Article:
Glucosamine: skin benefits

Updated November 21, 2016

Glucosamine is an amino acid that the body normally produces on its own. It helps to construct cartilage and other connective tissues that are essential to keep joints healthy. As we age, we do not produce enough of this amino acid naturally so some doctors recommend those with osteoarthritis, in particular, take this as an additional supplement along with Chondritin and Methylsulfonylmethane (MSM). Taken together, chondritin, MSM and glucosamine improve joint mobility for those who suffer from arthritis. Used separately from these supplements, glucosamine has become an important ingredient in anti-ageing skin regimens. Glucosamine found in supplements typically is derived from the cartilage of crabs and other sea living animals.

Glucosamine and the Skin

In 2006, the American Academy of Dermatology sponsored three studies at top universities to investigate other uses for glucosamine. Alexa Kimball of Harvard led one of these studies and reported that her findings indicated that glucosamine could possibly treat skin damage caused from ultraviolet radiation. Findings from these studies also demonstrated that glucosamine can accelerate the speed in which a skin wound or cut heals, increases the hydration of skin and decreases wrinkles. Glucosamine is able to do this because of it is a building block of connective tissue, and it stimulates the production of hyaluronic acid, which leads to its remarkable power to help rebuild skin tissue as well as cartilage found in joints.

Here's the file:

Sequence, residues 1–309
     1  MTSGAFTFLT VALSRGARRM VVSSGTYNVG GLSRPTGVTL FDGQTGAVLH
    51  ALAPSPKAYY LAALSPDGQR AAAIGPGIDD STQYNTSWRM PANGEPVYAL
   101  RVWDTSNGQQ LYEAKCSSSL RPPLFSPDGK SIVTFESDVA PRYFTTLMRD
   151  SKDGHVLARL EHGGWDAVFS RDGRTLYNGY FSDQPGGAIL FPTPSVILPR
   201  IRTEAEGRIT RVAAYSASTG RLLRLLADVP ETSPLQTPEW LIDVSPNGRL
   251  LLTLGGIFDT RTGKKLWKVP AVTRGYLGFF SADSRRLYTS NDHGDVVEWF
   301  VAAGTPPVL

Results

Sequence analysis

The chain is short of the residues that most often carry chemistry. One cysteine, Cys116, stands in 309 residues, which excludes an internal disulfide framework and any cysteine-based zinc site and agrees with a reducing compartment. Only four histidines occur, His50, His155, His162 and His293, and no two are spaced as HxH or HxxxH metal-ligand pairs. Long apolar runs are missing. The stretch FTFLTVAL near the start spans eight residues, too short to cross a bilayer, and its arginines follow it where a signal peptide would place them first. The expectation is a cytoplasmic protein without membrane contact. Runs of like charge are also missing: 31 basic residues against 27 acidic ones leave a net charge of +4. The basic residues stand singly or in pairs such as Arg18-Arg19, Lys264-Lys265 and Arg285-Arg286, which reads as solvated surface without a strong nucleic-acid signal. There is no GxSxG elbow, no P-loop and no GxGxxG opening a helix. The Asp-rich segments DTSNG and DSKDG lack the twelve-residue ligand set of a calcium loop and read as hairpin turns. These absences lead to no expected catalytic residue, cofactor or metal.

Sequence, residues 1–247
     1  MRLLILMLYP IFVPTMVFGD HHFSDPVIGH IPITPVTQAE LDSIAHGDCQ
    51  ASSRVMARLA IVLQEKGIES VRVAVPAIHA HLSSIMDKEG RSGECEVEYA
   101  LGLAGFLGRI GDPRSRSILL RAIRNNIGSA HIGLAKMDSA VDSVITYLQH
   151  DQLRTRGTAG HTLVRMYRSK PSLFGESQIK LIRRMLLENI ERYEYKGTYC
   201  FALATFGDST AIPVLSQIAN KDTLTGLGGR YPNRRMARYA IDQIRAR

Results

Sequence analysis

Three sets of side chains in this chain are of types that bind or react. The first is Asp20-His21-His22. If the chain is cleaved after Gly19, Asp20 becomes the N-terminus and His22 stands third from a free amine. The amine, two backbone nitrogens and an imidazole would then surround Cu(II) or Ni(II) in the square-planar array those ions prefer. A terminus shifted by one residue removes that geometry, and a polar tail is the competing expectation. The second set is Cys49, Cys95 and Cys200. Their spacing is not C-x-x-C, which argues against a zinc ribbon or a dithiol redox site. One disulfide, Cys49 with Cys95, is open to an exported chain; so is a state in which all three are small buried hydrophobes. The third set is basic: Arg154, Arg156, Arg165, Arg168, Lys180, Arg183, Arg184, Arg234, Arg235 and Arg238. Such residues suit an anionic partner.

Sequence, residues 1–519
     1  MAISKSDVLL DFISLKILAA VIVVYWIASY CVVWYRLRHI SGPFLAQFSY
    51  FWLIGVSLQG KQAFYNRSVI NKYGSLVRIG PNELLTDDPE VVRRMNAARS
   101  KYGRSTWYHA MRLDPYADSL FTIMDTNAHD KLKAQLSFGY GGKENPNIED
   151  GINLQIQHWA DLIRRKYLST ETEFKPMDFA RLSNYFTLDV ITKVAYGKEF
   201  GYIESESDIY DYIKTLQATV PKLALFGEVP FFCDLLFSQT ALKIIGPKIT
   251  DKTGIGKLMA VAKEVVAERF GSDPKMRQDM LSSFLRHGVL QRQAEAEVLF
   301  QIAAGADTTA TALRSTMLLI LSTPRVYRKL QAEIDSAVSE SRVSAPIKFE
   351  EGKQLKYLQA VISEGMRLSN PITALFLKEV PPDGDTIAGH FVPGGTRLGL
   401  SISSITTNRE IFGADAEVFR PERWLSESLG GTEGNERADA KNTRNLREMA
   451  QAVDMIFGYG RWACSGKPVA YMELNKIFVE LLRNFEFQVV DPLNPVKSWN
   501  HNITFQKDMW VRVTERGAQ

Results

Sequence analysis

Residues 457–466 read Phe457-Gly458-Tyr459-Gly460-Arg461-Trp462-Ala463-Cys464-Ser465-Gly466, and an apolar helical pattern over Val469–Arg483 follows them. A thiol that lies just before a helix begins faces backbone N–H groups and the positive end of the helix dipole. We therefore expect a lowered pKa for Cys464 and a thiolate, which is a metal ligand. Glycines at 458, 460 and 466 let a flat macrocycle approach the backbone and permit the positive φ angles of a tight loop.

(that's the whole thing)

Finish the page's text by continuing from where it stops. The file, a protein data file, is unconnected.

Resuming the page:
Skincare Products That Contain Glucosamine

Glucosamine is currently being added to certain products aimed at using the amino acid for skincare benefits. There are complete skin care lines with glucosamine added into it carried by brands like Serious Skin Care, Olay Definity Collection, Neutrogena, Dermitage and several others. It is occasionally referred to as the glucosamine complex and is touted for its ability to boost collagen production and gently exfoliate dead skin cells away from the surface.

Other Uses of Glucosamine

Glucosamine is still primarily used as a supplement for those who suffer from osteoarthritis or joint problems. According to the findings from clinical trials conducted at Proctor and Gamble Laboratories, testing is underway to see if glucosamine can also be used to relieve symptoms related to migraines, inflammatory bowel disease and viral infections. With such a wide range of treatment options, it is almost indisputable that glucosamine has a larger role in keeping our body healthy than previously thought.

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